ESA INSPIRED PROJECT
About Gaia Vari
Gaia Vari is a citizen science project funded by the European Space Agency (ESA) supporting Gaia Variable stars classification. Its main objectives are to build a community around the Gaia mission, classify the time-series dataset for interesting variable star cases and invite citizens to become co-authors of scientific publications.
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Gaia is a space observatory of the European Space Agency, launched in 2013 and expected to operate until 2025. The ESA
Gaia consortium is designed to create the richest map of the
Galaxy and its surroundings.
The Gaia consortium has processed nearly 2 billion stars to produce the biggest and latest variable stars catalogue to date – with 10 million variables – including factors like how their brightness
has changed over the years.
The Gaia mission detects occasional and sudden changes in brightness caused by the effect of gravitational microlensing.
Such methods enable us to discover unseen objects like black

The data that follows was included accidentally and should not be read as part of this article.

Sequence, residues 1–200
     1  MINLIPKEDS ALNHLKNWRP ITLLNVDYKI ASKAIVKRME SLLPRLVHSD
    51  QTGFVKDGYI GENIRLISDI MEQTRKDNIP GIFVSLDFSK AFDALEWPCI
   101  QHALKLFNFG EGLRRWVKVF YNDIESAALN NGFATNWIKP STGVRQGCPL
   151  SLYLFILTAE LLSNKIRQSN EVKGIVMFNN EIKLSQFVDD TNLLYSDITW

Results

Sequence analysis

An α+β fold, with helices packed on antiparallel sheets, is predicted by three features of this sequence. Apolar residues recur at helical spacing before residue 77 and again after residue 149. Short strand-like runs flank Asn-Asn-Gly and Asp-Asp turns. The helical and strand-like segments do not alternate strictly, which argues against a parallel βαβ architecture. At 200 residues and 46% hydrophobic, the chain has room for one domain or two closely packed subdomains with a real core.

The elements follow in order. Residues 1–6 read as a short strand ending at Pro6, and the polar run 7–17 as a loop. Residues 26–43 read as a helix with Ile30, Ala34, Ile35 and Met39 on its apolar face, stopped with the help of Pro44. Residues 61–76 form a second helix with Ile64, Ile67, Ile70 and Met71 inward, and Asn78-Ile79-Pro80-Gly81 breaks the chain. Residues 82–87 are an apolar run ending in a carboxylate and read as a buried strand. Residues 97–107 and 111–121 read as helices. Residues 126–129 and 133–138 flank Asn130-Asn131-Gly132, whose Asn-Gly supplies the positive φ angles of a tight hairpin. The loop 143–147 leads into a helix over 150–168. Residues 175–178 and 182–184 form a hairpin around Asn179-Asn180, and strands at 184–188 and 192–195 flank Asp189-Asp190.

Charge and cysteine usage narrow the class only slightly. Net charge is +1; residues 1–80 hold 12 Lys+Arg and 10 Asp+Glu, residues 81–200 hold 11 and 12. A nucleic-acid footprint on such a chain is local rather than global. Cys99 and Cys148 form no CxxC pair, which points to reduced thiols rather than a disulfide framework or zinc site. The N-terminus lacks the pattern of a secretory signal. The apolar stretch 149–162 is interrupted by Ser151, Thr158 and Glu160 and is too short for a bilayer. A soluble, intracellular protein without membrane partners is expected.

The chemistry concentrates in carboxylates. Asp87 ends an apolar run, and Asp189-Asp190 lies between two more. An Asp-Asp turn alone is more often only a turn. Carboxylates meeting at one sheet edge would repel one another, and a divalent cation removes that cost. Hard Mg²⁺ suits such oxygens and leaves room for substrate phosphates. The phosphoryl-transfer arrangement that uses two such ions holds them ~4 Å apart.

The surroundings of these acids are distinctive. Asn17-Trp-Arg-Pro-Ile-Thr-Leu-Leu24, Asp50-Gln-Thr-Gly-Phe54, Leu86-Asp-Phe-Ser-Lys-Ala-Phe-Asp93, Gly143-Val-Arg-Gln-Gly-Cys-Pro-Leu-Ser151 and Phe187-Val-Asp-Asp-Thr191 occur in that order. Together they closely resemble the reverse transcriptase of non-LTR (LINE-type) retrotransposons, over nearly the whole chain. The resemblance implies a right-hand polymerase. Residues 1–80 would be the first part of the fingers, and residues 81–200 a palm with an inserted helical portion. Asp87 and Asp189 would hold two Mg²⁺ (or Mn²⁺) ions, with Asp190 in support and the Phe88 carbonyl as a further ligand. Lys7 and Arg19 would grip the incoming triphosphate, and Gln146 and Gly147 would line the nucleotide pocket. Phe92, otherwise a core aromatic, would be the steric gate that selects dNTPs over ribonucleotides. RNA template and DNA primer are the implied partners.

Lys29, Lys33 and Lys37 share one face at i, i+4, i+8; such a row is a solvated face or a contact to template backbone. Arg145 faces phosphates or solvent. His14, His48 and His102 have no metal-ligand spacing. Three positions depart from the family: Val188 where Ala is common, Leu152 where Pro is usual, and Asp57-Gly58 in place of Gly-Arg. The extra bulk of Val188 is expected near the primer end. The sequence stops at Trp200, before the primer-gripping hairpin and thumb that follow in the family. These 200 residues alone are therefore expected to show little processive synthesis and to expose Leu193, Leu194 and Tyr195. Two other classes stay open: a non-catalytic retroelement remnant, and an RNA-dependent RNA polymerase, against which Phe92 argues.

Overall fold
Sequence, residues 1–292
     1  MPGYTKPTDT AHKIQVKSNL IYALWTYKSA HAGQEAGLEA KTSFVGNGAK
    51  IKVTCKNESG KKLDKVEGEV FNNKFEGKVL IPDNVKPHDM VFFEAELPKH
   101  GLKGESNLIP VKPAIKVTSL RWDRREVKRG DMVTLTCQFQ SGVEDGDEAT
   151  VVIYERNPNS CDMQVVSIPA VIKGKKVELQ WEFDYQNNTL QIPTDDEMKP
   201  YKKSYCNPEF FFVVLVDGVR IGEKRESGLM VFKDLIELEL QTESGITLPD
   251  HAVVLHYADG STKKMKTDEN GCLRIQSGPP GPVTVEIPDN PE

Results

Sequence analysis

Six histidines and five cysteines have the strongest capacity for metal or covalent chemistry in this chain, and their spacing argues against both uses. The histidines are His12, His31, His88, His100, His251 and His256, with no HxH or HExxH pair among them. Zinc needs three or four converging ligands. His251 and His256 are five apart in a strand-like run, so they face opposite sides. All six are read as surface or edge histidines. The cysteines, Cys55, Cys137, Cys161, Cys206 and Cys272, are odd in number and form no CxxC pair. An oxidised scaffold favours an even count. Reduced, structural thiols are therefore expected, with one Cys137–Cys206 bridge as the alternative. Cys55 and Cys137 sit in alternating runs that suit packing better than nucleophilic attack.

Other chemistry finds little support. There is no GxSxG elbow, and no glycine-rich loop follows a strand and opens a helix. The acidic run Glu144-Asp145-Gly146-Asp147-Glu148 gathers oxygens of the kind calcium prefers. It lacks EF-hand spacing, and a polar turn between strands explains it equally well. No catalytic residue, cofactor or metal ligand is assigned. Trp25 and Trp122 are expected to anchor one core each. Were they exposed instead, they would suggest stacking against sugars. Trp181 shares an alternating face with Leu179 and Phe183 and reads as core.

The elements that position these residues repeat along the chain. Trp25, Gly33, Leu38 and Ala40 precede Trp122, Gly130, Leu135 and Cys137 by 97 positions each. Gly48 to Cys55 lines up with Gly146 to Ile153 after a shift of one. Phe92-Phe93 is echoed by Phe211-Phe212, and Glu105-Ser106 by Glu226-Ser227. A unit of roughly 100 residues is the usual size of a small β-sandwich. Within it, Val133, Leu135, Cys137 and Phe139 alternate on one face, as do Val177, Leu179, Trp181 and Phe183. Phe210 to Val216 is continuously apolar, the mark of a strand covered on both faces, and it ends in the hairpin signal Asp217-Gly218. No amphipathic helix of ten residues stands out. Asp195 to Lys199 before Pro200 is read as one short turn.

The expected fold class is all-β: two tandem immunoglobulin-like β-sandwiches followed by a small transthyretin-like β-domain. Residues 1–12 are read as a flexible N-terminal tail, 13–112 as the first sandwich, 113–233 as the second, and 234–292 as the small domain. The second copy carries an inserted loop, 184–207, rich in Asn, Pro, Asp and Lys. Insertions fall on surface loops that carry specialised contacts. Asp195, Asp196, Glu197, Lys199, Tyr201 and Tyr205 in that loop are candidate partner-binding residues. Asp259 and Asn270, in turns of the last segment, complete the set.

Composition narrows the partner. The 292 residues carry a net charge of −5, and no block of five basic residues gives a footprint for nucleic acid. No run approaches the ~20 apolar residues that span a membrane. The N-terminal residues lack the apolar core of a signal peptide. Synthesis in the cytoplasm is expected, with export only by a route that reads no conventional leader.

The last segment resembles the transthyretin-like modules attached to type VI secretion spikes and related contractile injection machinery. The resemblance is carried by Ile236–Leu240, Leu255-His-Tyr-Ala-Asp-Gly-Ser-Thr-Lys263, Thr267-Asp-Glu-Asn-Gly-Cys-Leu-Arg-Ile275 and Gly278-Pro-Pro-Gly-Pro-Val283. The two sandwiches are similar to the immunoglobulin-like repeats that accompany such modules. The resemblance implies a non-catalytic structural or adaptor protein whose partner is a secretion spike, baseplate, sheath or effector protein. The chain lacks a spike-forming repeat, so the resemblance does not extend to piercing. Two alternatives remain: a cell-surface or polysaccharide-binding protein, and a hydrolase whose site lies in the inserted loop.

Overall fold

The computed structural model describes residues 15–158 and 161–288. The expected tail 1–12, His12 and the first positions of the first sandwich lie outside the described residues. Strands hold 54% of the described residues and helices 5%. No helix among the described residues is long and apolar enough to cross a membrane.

holes and free-floating exoplanets, which are extremely rare phenomena among Gaia variables.
The telescopes of Gaia observe rare effects of unseen compact objects on stars. Tidal interactions of such systems are tracked
over the years, giving us the unique opportunity to study
mysterious black holes.
Citizen science is a form of scientific research conducted by amateur scientists. Communities can participate in research on Gaia variable stars, contributing to new scientific discoveries and advancements. Participants can eventually become part of the Gaia Variability team to improve automated classification methods.